Material Justice: in the Studio with Amy Keefer

Written by Valerie Yep and photographed by Paige Green

When I met with designer and artist Amy Keefer on a grey and drizzly Thursday morning, I was greeted with the complete opposite of what it felt like outside: a warm smile and hot cup of sweet-smelling tea. Immediately, I was overcome with a sense of comfortable familiarity. It took a few minutes before I recognized her as the knitting instructor at my local yarn shop, A Verb for Keeping Warm, and we shared a laugh at the fact that we were already acquaintances.

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I learned that Keefer’s love for fiber and textile arts spans 15 years. In 2009 she moved from Arizona to the Bay Area to attend California College of the Arts where she received her MFA in Textile Arts. At the Fibershed Fashion Show in 2013, she worked with Myrriah Resneck to produce a look for the runway together, and Amy designed a hand knit cowl inspired by zebra stripes using Mary Pettis-Sarley’s Twirl Yarn line. Her patterns for handknitting using fibershed materials are teaching tools in her Bay Area knitting classes and are popular downloads on ravelry.

It was Summer of 2013 when ideas for Keefer’s most recent project began to start swirling. She met cotton farmer, Sally Fox, while helping her pick cotton for seed selection in the Capay Valley. Keefer and was so inspired by Fox’s work and passion, that a few cones of Fox’s 18/2 cotton yarn made their way home with her. Essentially thread, such fine yarns are traditionally used for weaving, but Keefer’s creativity immediately gravitated elsewhere. “Almost intimidated by how special the material was,” Keefer knew she wanted to incorporate lace making while doing “justice to the local materials.”

“I think it’s not something that is always addressed in the Fibershed community. Things that seem really opulent or classified as using an excess of materials can still make a large statement; [it] can still be a political move,” she explained to me.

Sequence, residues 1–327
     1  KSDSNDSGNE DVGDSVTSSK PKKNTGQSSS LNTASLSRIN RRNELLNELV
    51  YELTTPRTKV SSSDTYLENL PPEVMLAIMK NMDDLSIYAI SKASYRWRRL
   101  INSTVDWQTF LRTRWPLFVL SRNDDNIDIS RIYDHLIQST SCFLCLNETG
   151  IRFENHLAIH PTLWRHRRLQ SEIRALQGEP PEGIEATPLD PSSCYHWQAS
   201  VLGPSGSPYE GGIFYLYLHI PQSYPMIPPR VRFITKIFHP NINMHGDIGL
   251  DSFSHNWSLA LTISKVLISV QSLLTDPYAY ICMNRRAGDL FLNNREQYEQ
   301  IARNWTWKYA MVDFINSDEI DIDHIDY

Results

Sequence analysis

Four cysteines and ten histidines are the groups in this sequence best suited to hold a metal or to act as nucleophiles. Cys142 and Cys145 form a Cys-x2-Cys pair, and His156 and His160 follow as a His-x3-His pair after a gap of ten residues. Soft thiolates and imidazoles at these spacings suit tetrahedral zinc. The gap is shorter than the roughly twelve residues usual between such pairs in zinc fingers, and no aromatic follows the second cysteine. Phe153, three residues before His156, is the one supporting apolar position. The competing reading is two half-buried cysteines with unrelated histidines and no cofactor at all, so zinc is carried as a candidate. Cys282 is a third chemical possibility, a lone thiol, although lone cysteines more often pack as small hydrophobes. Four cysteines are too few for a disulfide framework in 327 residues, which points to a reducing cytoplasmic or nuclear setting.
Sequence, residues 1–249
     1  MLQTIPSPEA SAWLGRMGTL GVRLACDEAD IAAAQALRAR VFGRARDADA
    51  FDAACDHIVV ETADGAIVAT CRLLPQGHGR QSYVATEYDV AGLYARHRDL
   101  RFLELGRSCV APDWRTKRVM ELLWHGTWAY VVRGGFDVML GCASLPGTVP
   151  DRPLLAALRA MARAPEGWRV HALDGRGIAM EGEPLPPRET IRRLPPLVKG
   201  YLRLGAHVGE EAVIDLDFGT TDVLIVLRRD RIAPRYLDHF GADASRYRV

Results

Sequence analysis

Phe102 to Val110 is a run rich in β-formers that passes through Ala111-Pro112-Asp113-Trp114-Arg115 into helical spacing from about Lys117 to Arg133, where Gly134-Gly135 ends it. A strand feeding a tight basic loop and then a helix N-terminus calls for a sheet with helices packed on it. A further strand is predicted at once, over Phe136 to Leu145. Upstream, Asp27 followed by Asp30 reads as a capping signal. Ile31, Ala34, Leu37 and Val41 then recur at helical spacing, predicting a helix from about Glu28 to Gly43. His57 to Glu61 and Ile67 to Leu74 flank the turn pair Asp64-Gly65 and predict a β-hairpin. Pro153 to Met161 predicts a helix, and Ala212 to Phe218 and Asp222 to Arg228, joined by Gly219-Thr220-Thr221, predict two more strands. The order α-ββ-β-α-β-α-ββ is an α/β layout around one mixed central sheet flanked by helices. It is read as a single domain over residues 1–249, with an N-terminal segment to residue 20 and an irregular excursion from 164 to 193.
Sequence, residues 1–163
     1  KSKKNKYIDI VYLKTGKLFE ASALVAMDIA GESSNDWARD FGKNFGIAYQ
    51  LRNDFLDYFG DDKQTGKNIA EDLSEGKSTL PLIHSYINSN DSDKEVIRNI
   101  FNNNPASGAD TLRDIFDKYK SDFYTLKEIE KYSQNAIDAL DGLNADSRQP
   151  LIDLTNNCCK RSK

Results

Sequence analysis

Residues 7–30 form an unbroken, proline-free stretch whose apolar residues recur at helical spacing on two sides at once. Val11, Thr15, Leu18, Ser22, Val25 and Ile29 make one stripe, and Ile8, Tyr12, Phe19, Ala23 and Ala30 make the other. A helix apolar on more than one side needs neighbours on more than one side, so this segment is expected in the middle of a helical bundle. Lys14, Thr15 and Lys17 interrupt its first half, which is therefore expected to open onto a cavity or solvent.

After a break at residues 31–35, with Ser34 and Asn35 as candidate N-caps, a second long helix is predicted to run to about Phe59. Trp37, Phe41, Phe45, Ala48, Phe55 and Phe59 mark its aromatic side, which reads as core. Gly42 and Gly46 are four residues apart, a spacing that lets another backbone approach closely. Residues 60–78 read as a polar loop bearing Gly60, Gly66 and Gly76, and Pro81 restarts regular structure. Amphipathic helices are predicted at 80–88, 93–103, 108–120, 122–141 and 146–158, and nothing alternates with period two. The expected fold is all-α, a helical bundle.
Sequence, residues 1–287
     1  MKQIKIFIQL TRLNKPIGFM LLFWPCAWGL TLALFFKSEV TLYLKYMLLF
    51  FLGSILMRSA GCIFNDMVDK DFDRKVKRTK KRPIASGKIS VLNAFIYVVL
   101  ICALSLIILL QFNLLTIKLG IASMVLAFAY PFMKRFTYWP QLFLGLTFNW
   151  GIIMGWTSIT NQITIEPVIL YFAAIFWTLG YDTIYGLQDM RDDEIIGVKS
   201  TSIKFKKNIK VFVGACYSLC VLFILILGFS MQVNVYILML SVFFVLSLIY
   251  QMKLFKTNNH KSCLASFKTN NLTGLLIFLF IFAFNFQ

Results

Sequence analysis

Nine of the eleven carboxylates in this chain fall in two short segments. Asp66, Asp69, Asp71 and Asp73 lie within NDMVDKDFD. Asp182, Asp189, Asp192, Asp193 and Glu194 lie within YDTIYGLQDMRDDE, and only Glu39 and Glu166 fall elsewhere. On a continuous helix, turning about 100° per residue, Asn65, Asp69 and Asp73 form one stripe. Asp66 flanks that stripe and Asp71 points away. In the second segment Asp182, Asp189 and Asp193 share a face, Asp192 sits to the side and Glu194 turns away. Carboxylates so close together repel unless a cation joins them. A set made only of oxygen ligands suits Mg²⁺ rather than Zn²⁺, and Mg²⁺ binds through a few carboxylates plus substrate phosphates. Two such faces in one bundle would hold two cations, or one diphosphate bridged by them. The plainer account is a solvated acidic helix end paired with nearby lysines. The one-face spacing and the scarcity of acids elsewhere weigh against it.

Much of Keefer’s focus has been on knitting instruction and knitwear design (under BlaerKnits), but most recently her focus has been on lace. So much so, that she has deemed 2016 the year of ‘Local Lace’. Not the stuffy Victorian lace of yesteryear or the stretch lace that we all rocked in the 80’s. No, Keefer draws much of her inspiration from the rich history of the first American Lacemaking industry in Ipswich, Massachusetts as well as Irish crochet, both of which she studied while getting her MFA. Both styles of lace played integral parts in empowering women, as making lace provided a way for women and girls to generate income and support their families in an era when men were traditionally the providers.

Keefer wondered, “What would local lace for the Bay Area look like? How can Sally’s cotton translate into what the people of Ipswich and Ireland [did] around those times when they were establishing independence and making something that was totally their own?”

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Immediately, I can tell that Keefer has immersed herself in all things lace. Books line her shelves on the subject. A crocheted doily that her mom made, used as her own wedding décor, is spotted elegantly decorating a side table. Spools and cones of thread are conveniently placed throughout her studio, ready at the waiting. A station for making bobbin lace is set up in the middle of the room where the best light can be found.